Sunday, February 26, 2012

Prelude to a Supernova

Check the photo out. This is one of the stars in the binary star system Eta Carinae, captured by the Hubble Space Telescope. The image is the residual of an outburst first observed in April 1843. At its height t was the second brightest star in the sky, outshone only by Sirius. The event lasted until the start of the 20th century.

The event's aftermath, shown in the Hubble photo, shows the huge clouds of matter thrown out by the event in the 18 hundreds, called a false nova because it so closely resembles a nova when it occurs. The cloud comes from the death throes of the larger of the pair and is highly unstable. So unstable in fact that it could end its life as a supernova, the brightest ever seen from Earth, in the very near future.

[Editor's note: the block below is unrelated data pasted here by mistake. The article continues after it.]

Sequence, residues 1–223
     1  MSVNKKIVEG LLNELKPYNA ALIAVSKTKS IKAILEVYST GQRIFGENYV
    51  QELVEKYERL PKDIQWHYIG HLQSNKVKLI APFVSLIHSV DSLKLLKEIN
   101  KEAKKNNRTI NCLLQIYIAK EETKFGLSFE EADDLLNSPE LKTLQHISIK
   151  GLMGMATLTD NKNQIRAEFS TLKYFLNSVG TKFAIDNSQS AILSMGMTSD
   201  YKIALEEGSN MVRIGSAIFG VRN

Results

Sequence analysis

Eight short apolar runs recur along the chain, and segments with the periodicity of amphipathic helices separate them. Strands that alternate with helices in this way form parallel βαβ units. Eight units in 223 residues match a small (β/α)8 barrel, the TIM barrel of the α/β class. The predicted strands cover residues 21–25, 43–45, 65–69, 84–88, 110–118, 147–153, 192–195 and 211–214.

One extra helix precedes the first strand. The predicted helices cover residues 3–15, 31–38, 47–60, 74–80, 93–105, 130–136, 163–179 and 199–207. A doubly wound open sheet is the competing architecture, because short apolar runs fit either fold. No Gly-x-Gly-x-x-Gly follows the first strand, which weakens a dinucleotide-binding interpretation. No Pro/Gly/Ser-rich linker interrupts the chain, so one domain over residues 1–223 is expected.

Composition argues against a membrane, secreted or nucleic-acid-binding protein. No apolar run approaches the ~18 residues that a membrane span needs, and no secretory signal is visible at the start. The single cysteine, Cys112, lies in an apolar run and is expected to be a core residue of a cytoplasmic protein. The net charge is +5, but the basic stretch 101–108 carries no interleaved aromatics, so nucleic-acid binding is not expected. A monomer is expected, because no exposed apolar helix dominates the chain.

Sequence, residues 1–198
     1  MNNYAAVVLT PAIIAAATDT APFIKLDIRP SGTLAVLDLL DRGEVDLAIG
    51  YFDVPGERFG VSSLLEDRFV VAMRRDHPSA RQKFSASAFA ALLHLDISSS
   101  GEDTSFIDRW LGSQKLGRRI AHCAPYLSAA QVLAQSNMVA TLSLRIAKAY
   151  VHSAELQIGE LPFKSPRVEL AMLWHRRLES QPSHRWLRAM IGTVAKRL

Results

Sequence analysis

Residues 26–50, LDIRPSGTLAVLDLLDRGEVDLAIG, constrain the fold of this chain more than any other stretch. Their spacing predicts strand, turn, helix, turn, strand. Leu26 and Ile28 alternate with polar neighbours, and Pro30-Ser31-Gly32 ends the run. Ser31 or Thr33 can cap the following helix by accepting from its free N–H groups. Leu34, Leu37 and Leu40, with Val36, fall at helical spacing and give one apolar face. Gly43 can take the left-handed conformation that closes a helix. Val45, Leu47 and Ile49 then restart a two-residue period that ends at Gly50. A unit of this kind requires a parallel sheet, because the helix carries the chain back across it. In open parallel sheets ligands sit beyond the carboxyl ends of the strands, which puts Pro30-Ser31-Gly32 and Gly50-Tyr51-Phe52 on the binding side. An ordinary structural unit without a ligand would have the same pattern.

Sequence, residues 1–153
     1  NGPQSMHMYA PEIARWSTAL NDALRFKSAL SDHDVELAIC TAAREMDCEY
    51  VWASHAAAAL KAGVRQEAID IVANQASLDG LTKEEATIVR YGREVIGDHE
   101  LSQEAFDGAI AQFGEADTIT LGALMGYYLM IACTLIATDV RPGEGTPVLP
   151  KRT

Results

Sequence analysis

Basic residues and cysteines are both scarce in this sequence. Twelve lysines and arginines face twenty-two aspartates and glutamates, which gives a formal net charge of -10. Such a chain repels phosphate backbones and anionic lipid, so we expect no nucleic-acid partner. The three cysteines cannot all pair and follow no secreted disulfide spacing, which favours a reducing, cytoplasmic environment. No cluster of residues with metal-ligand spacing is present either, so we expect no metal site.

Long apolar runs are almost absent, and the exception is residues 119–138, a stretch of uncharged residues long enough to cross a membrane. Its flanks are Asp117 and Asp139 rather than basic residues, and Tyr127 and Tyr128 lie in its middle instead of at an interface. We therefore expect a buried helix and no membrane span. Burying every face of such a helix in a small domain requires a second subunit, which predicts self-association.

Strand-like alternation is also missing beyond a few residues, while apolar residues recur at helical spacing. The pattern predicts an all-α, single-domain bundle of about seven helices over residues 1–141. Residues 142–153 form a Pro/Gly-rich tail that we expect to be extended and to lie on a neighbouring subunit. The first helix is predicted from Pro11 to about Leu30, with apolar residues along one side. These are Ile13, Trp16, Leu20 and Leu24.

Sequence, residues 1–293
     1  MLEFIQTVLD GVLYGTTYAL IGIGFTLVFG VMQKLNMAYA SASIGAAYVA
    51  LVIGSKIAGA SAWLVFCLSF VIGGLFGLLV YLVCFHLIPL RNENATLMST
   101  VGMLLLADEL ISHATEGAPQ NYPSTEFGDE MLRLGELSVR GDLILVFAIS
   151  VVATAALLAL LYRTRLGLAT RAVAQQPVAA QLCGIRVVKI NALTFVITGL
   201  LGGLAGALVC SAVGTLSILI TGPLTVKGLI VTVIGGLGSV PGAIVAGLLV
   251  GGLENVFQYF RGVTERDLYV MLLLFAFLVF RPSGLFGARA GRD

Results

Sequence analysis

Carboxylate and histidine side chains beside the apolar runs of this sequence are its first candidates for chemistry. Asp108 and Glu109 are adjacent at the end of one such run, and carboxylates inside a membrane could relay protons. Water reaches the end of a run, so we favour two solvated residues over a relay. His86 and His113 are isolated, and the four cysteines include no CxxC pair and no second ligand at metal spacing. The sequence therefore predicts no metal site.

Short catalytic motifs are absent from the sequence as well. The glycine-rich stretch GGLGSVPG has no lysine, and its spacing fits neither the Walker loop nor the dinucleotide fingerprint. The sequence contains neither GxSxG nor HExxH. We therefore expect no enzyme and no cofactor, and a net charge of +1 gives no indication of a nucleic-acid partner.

Eta Carinae is one of the closest stars to Earth that is likely to explode in a supernova in the relatively near future - but future is a relative term in interstellar time. The supernova could happen in a few hundred years or a few hundred millenia.

photo by NASA Goddard Photo and Video

Larger sized photos and more info at the NASA Goddard Flickr site here

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